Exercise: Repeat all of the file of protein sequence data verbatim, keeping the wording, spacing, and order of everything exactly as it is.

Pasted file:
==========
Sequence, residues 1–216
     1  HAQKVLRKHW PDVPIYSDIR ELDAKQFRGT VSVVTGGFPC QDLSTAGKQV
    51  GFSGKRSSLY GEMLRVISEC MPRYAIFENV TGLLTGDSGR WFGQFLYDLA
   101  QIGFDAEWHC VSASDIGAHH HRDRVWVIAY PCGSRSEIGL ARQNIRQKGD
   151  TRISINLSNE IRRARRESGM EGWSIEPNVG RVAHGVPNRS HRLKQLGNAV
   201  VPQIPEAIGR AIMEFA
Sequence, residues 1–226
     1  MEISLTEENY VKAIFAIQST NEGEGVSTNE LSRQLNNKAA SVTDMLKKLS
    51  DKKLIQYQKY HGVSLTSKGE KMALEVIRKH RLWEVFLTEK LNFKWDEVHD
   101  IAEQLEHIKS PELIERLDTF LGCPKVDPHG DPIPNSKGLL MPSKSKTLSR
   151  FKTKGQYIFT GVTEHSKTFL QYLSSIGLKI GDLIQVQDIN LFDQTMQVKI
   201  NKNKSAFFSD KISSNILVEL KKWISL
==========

Sequence, residues 1–216
     1  HAQKVLRKHW PDVPIYSDIR ELDAKQFRGT VSVVTGGFPC QDLSTAGKQV
    51  GFSGKRSSLY GEMLRVISEC MPRYAIFENV TGLLTGDSGR WFGQFLYDLA
   101  QIGFDAEWHC VSASDIGAHH HRDRVWVIAY PCGSRSEIGL ARQNIRQKGD
   151  TRISINLSNE IRRARRESGM EGWSIEPNVG RVAHGVPNRS HRLKQLGNAV
   201  VPQIPEAIGR AIMEFA
Sequence, residues 1–226
     1  MEISLTEENY VKAIFAIQST NEGEGVSTNE LSRQLNNKAA SVTDMLKKLS
    51  DKKLIQYQKY HGVSLTSKGE KMALEVIRKH RLWEVFLTEK LNFKWDEVHD
   101  IAEQLEHIKS PELIERLDTF LGCPKVDPHG DPIPNSKGLL MPSKSKTLSR
   151  FKTKGQYIFT GVTEHSKTFL QYLSSIGLKI GDLIQVQDIN LFDQTMQVKI
   201  NKNKSAFFSD KISSNILVEL KKWISL